Once a group of about thirty of us travelled to London for a Mod all dayer , taking place in the Ilford Palais. The concert wasn’t until the Sunday and as it was only Friday we decided to visit the most iconic Mod address in the World, Carnaby Street. As a Mod it felt like the pilgrimage to Mecca muslims make and for me walking on the hollowed paved streets of Carnaby Street It felt almost like a holy experience and I was hypnotised by sheer joy of just being there and drinking in the Mod culture it had given birth too.
But my joy was to be short lived.
I’ve absolutely no idea who he is , but he fits into the story nicely.
As we walked the legendary streets and drank in the super cool atmosphere suddenly we heard a massive roar and what sounded like a football stampede and then three terrified young Mods ran past us as if the devil was on their tails.
Time stood still as we waited to see what had scared them so much and made them take such desperate flight.
Then from a side road about fifty phycho looking skinheads appeared from nowhere, many of them wearing Chelsea and Rangers football scarf’s, covered in loyalist and swastika tattoos and they were obviously baying for blood, Mod blood to be exact.
The moment they spotted us they stopped dead and some even grinned at the Mod bounty fate had delivered them. We were in some deep shit and I searched my mind frantically for a way out.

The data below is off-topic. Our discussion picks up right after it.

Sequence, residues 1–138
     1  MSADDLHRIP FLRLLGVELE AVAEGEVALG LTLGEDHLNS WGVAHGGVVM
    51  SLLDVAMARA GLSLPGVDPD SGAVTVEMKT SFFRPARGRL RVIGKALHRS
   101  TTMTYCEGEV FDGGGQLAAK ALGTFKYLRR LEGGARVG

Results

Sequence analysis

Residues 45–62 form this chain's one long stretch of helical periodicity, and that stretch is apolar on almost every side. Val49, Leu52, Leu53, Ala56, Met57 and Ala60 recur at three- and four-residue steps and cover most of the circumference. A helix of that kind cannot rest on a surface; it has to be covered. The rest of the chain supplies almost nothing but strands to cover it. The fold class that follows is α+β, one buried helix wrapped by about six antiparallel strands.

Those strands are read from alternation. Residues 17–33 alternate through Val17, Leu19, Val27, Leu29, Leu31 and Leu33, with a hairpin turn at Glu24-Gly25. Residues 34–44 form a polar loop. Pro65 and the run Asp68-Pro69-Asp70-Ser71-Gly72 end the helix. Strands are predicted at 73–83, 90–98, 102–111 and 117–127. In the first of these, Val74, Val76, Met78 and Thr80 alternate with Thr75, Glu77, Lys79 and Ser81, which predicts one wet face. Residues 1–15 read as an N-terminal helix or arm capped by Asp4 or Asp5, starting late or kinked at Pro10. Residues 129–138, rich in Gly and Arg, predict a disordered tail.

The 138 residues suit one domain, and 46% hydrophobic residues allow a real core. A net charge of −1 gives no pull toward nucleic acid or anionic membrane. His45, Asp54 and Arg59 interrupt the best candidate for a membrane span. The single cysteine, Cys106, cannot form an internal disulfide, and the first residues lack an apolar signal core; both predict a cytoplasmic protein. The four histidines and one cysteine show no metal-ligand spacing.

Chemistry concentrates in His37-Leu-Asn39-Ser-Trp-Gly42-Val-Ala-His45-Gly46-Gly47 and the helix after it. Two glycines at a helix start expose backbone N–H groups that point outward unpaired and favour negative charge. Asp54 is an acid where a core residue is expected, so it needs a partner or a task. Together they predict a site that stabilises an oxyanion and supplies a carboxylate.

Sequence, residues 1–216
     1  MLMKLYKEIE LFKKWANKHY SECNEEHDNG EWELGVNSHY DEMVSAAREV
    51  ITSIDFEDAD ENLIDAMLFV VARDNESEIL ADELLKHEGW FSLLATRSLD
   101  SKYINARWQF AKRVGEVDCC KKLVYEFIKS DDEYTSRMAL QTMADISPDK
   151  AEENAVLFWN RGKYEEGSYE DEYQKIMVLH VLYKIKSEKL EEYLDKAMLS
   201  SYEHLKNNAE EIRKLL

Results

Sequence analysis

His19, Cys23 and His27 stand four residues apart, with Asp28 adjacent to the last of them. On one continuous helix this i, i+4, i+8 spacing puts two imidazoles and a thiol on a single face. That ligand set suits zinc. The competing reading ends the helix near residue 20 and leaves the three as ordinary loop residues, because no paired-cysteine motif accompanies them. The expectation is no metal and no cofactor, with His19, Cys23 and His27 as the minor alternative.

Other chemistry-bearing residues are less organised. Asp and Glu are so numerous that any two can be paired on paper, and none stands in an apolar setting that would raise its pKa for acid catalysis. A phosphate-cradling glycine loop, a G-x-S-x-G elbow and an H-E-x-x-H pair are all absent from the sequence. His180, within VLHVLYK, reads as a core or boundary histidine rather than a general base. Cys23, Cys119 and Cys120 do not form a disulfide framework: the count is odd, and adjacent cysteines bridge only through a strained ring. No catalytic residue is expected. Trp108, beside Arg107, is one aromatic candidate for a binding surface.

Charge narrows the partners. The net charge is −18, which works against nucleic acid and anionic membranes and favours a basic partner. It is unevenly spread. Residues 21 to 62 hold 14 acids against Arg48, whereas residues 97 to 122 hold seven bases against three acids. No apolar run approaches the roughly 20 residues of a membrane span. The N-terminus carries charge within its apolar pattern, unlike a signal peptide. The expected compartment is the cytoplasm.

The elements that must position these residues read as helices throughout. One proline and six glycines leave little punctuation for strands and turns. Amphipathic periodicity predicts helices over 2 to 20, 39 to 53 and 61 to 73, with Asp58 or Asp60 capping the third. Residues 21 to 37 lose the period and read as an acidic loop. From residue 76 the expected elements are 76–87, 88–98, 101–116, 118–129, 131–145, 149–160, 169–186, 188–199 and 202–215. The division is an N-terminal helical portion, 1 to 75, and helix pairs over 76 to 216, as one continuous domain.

There was only a few of us together at this stage and my heart leaped into my throat as I anticipated the beating I was about to receive. But growing up in the badlands of loyalist West Belfast I was use to brutal violence and then two things came to my mind at once.
Firstly I was use to gang battles between Mods and Skinheads and had fought in many in the backstreets of The Shankill & Ballysillian/Silverstream (a story for another day) and survived largely intact. But here we were vastly outnumbered, on foreign soil so to speak and these guys wanted to rip us apart, limb by limb and savour every moment of our agony and shame. Then I considered the Rangers scarfs and an idea started to take shape in my terrified brain.
Rangers was the team of choice for much of the protestant population of Northern Ireland and along with Chelsea and Linfield they were inextricably woven into the core of our loyalist culture. I hoped these baying skinheads or some of them at least would hold the same pride and love for Queen and country as me and I thought this might just save us.
I glanced over at the leaders in the front row and as they hurled insults and threats my heart sunk when I saw some of them had pulled out weapons and knifes and were preparing to attach us and I braced myself ready for a battle we could never win.
My survival instinct kicked in and once again my destiny was in the hands of the gods , gods I no longer trusted. I took a deep breath and played my hand.
“Stay back “
I told the others beside and behind me, aware that some of them were catholic’s and possibly in more danger than me, if that was at all possible in my current situation. I stepped forward and looking for the top boy I calmingly suggested they all slow down and tell me what the problem was?
You could have heard a pin drop as he looked me up and down as though I’d just insulted his life scarred mother and I could tell he were moments away from lunging at me and all hell kicking off.
Then I heard a familiar accent calling out from the skinhead crowd and hope returned.
“Are youse from Belfast? ”
And everyone paused to hear my reaction.
“Feckin right I said, from the glorious Shankill Road! “
Hoping and praying I’d made the right call.
“Really, he asks, who do you know? “